The Royal Bavarian Castles in Word and Picture; A Brief History of All the Royal Buildings and an Exact Guide to the Palaces ... and the Biographies of Celebrated Men of the Time of King Louis II

The Royal Bavarian Castles in Word and Picture; A Brief History of All the Royal Buildings and an Exact Guide to the Palaces ... and the Biographies of Celebrated Men of the Time of King Louis II

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This historic book may have numerous typos and missing text. Purchasers can usually download a free scanned copy of the original book (without typos) from the publisher. Not indexed. Not illustrated. 1900 edition. Excerpt: ...takes us to Oberau. Here we leave the train, whether we are going to the Passion-Play or to the royal castles; in either case we must mount the high Ettal hill. (There are plenty of vehicles at the railway-station, but the old road is the shorter for pedestrians.) Ettal. We see the monastery at once: it was formerly an abbey of the Benedictines and is said to have been founded by Louis the Bavarian after his return from Rome: at the beginning of the 18. century it was restored. Dr. Holland remarks as follows: A certain Etho of Welfish origin (died about 910) retired into monkish life with several companions. The grandmother of the emperor Louis was likewise of Welfish descent: a fact that may have been of influence upon the imperial decision as to this site. It is always interesting to remember that historical facts point to certain reasons for the probable motive of the emperor Ludwig's desire to found a shrine after the type of the Temple of the Graal. The emperor's father Louis the Severe was in personal relation with the poet of "Titurel." The original plan of the Ettal Rotunda bears a startling resemblance with the Graal Temple. As Titurel was guided by celestial direction to the site of the temple, so was the emperor guided by the supernatural figure of the Virgin. The rocky, unapproachable forest-regions are closely alike. Then we find the same strict rules of life, incomparable with the rules of other similarly religious institutions and which so strongly resemble the rules of the Templars, that company of chosen ones who guarded the holy Graal: spiritual and worldly knights were united in the monastery. Twenty monks and thirteen married knights were appointed to live together. The strictest morality was...show more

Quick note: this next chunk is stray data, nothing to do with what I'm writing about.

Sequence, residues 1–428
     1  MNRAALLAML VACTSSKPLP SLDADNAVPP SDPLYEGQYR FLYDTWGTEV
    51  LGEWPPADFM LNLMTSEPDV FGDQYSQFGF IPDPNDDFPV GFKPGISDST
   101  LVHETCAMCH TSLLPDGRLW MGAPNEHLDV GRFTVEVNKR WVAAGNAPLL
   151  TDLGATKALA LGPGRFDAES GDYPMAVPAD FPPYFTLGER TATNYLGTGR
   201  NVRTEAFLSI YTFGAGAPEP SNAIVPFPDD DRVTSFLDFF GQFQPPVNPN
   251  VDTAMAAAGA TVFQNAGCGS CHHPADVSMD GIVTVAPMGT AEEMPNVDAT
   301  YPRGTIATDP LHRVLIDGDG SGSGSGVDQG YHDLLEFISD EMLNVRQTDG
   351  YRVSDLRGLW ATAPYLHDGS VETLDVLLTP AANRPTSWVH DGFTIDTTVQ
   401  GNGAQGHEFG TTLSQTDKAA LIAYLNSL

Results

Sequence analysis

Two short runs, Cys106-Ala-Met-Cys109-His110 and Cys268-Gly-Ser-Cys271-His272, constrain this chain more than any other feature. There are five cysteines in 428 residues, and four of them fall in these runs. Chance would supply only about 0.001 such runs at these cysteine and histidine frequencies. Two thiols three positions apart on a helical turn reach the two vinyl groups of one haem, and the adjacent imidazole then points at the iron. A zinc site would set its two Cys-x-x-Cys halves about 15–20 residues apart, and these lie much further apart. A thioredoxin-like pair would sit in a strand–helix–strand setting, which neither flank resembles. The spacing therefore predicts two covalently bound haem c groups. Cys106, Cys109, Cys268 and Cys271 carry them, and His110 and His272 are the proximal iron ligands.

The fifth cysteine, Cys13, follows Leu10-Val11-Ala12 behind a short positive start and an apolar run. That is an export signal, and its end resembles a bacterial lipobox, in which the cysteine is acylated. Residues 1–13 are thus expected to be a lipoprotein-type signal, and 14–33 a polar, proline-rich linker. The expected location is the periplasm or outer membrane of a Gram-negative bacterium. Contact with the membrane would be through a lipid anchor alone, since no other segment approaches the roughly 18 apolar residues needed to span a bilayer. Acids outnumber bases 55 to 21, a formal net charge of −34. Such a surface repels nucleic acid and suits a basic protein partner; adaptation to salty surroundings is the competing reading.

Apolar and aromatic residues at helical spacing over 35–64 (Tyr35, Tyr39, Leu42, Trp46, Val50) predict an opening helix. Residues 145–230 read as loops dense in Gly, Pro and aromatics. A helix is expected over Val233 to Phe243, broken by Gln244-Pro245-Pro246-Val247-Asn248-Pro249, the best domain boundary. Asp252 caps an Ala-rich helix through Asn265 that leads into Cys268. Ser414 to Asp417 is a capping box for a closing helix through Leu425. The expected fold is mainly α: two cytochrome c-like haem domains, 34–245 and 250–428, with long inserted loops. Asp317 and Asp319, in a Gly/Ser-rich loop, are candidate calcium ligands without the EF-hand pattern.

Product details

  • Paperback | 30 pages
  • 188.98 x 246.13 x 1.52mm | 77.11g
  • Rarebooksclub.com
  • United States
  • English
  • black & white illustrations
  • 1236970284
  • 9781236970282